Some people say that star athletes are born star athletes while others argue that they become stars along the way. I agree with both points. However, allow me to qualify and restate it: star athletes are born that way, but they need to be designated correctly and developed appropriately to realize it.
I believe there are two major factors to becoming a successful college and/or professional athlete: genetics and skill development. However, no amount of genetic gifts or skill development may get a person to elite athlete status if the person isn't playing the right position and the right sport. Lets discuss.
Part I: Genetics
You might look at the picture of the Olympic swimmers at the top of this article and think that these athletes developed their similar physiques because of swimming. However, the cause and effect are actually reversed: because of these leaner, longer (ectomorphic) physiques, Michael Phelps and friends found swimming to be their sport of choice. The long arms give them to ability to take big swim strokes while their leanness allows for the minimal weight possible to be carried through the pool. This advantageous physique is most obvious at high levels of competition (like the Olympics), where only the most elite athletes can hang. For other examples, take a look below at the bodies of the 2011 Boston Marathon leaders or the 2002 World's Strongest Man finalists:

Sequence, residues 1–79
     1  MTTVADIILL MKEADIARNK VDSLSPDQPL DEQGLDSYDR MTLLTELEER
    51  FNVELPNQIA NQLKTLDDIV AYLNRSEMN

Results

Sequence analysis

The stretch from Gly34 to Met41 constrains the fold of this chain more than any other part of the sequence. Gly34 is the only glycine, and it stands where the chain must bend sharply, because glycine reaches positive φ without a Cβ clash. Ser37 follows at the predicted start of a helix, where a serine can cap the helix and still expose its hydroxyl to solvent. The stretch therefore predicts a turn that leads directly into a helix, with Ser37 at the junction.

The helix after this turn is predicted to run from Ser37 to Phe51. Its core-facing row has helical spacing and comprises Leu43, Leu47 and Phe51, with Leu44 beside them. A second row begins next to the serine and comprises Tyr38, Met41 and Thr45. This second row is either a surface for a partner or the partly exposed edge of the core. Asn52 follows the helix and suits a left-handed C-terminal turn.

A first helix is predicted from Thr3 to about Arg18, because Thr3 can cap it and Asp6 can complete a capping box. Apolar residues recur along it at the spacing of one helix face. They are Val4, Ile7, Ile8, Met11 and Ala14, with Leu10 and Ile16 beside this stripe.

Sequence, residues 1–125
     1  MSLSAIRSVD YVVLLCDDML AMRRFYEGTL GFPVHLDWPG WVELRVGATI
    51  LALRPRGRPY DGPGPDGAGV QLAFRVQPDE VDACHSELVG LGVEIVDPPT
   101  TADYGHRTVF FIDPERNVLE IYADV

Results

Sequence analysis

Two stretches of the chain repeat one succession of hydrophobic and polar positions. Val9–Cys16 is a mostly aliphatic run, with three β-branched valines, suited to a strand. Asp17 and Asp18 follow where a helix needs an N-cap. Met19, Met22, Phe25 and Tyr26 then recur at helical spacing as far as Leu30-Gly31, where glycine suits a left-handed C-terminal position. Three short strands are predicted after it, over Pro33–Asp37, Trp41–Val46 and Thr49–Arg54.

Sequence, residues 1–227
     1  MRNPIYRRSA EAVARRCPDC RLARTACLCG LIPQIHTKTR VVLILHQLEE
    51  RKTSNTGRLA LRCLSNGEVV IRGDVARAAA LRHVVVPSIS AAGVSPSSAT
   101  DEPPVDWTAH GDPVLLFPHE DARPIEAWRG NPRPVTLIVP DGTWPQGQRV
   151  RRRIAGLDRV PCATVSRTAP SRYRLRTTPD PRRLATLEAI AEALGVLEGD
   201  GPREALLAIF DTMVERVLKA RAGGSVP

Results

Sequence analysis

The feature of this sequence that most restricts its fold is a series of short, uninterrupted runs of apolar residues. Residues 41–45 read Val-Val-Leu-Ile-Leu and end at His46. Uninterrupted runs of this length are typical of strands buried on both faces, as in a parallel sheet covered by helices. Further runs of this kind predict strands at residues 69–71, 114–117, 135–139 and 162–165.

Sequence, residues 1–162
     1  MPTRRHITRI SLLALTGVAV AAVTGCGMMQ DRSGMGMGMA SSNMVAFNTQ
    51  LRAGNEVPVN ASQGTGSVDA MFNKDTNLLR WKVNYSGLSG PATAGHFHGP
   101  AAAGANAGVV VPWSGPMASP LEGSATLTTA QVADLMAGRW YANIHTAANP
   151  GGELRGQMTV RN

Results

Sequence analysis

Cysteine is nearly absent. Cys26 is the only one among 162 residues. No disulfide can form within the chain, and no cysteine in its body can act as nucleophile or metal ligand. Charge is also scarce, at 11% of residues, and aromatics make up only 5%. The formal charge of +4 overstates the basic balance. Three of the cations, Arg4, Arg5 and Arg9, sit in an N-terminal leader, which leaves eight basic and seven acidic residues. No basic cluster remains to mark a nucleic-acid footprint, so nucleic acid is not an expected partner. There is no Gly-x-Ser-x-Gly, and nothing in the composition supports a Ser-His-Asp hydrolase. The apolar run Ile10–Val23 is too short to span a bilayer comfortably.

The marathon runners benefit from having a very low body mass (with little muscle and fat) to drag around for 26.2 miles. The power lifters benefit from having very high amounts of muscle mass with some thickness to their frames. The strength is necessary for obvious reasons, but the added thickness helps in generating momentum to perform the lifts.
As it concerns your child and genetics, simple observations will help you determine what direction is best. Try signing your kid up for many sports when he or she is young. Watch how his or her physique develops. Examine how your child fares in different activities. Specifically, pay attention to how your child compares to other kids of the same gender and age in regards to these traits:
- Body fat
- Muscle mass
If your boy is heavier, stronger, and taller than most of the kids, he may be best suited to play offensive or defensive line in football. If your girl is shorter, faster, and has above average muscularity, she could be a good prospect for attack or defense in soccer, or as a second baseman or center fielder in softball. A taller, leaner, somewhat muscular child that does well in sprinting or jumping should consider basketball, playing wide receiver in football, or goalie in soccer.
If you are unsure where your child's features would fit best, try watching professional or major college sports. The prototypes for these sports and the positions in them are pretty consistent. For example, if you were to watch a few baseball games, you might notice that first basemen are generally very tall, stronger, sometimes thicker, and left handed. Center fielders, on the other hand, are usually smaller, leaner, and faster, but they don't possess the power of first basemen.
Now that you know what you are looking for in assessing your child's best sport and position, stay tuned for the next post, which covers the second and final part of this discussion: how to acquire the skill proficiency necessary to be a sports star.